Alaska-based military policeman William Colton Millay was sentenced to 16 years in prison after he sold secrets to an undercover FBI Agent he believed was a Russian spy.
The 24 year old will be dishonorably discharged.
Millay, a native of Owensboro, Ky., was 22 when he was charged with attempted espionage and communicating military information. He pleaded guilty to charges last month.
The image of Millay, which military prosecutors painted, was that of a white supremacist who was down on the Army and his country, a man willing to give secrets to the enemy without regard for the lives of his fellow soldiers.
In 2011, Drew Bramschreiber, Millay’s longtime friend from Owensboro, said Millay didn’t fit the profile of a spy. "He's just a simple country boy," he said. "He was never the kind of guy who would get into trouble."
Millay’s attorney claimed his emotionally stunted client was simply seeking attention and could be rehabilitated.
Millay came to the attention of the FBI in 2011, when he emailed a Russian publication asking about the military and also made calls to the Russian Embassy.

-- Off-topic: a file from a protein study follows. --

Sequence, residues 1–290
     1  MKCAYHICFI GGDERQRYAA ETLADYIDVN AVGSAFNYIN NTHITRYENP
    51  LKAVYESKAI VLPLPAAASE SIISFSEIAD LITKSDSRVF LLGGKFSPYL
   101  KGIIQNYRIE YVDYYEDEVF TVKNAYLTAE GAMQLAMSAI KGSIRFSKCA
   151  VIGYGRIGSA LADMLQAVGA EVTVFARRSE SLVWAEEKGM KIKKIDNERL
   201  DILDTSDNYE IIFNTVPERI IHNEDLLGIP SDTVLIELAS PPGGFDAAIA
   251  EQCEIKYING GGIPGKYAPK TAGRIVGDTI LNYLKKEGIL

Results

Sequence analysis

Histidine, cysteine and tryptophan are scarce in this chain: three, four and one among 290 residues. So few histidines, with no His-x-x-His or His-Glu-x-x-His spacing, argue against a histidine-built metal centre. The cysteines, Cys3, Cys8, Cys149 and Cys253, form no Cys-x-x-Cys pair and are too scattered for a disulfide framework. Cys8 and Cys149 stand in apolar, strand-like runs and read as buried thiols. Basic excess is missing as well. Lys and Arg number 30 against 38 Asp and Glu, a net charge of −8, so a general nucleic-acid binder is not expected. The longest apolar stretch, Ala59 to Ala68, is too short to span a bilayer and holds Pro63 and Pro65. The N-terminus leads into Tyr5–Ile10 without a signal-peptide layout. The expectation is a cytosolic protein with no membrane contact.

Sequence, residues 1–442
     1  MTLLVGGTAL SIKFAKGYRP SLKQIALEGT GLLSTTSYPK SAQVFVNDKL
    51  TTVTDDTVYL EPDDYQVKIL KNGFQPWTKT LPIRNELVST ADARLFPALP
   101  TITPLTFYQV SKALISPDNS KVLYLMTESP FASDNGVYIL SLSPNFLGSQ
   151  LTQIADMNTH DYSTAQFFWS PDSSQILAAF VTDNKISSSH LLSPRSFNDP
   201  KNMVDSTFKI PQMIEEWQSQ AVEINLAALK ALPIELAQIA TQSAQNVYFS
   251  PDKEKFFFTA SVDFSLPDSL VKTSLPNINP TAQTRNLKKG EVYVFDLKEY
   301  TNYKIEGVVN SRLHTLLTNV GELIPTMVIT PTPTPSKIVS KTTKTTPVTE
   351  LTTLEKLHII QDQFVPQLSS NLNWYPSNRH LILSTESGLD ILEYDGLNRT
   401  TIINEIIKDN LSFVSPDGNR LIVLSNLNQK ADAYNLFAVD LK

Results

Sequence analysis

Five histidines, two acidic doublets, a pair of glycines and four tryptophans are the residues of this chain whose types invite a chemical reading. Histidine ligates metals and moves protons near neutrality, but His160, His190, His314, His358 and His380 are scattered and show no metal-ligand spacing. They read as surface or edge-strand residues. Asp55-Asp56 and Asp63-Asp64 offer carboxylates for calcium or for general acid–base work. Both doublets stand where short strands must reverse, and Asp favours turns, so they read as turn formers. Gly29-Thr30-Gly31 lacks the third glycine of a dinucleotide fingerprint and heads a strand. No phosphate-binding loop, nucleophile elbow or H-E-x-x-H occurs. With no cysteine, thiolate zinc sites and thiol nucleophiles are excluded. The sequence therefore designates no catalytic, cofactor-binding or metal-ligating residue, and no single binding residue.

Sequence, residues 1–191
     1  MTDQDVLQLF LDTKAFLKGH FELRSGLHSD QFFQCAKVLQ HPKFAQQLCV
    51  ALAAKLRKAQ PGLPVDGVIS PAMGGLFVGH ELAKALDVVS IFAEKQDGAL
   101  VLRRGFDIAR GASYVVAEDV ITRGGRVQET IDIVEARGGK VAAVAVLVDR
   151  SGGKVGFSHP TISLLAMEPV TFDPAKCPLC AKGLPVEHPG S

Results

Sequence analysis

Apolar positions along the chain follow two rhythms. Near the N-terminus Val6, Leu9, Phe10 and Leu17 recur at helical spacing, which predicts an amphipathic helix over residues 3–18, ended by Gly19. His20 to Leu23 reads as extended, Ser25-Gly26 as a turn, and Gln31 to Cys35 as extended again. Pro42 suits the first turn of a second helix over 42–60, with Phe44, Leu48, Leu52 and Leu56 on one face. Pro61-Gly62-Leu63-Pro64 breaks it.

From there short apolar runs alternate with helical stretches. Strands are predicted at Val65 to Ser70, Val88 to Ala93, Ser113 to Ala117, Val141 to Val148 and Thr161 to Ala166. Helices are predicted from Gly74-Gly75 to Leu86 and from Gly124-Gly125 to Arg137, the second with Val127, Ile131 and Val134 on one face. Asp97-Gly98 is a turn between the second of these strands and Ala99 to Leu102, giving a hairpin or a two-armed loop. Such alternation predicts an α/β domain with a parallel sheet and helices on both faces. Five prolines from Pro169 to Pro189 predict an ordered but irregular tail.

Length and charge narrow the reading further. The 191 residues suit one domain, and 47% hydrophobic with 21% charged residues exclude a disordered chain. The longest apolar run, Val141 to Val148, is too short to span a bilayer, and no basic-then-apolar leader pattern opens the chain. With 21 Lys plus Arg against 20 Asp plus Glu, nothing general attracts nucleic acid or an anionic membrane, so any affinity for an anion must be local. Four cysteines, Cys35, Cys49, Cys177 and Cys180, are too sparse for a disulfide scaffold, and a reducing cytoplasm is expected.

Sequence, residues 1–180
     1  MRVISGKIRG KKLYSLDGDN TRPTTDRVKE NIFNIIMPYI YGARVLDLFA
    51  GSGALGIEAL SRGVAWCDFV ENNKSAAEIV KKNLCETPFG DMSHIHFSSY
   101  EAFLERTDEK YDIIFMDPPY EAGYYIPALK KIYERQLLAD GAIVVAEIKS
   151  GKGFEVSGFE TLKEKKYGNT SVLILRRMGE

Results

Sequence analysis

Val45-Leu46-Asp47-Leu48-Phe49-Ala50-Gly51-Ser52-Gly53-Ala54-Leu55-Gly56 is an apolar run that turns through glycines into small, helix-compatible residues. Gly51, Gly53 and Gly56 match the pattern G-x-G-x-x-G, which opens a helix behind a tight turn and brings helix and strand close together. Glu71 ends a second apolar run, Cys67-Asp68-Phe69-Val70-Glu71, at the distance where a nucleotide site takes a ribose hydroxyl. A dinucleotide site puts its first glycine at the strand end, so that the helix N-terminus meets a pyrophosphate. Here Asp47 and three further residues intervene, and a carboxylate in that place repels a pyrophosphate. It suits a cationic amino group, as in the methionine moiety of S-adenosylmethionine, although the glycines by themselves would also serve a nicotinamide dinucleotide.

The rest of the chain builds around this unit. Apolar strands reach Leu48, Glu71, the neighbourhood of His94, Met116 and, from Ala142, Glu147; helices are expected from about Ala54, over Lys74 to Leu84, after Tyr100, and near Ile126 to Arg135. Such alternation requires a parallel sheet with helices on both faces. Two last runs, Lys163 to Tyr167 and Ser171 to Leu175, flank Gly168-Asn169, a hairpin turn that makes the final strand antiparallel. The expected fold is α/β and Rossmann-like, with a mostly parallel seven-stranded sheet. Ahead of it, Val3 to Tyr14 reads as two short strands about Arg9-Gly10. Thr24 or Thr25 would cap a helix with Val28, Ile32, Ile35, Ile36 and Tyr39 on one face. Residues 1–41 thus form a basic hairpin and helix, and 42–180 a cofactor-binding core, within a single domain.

"That's a concern for national security," said FBI Special Agent Derrick Chriswell.
Millay told an undercover FBI agent that he worked for the Russian government and would re-enlist if they made it worth his while. He claimed he had confidential information on the Warlock Duke jamming system the U.S. uses to counter IEDs.
Chriswell testified that during his first meeting with an undercover agent, Millay “expressed his disgust with the U.S. military.” He was later recorded on tape in the agent’s hotel room.
Two days later, Millay told his commander that a Russian spy had contacted him, but prosecutors said it was a ploy to throw off suspicion. When interrogated, Millary withheld information the FBI had on tape.
Later on Oct. 21, 2011, Millay left a white envelope containing information about the jamming system and the F-22 stealth fighter jet in a garbage can. He then collected $3,000, he believed was in exchange for secrets, and a disposable cellphone at a hotel.
Chriswell testified that Millay has racist tattoos on his body, two Nazi SS thunderbolt symbols.
"He branded himself in their symbols of hate," military prosecutor Capt. Stewart Hyderkhan said in his closing statement. "He had hate for the Army. He had hate for the United States."
"I know I've made a terrible mistake," Millay said Monday in court. "I'm a U.S. soldier, and that piece of me, I'm proud of."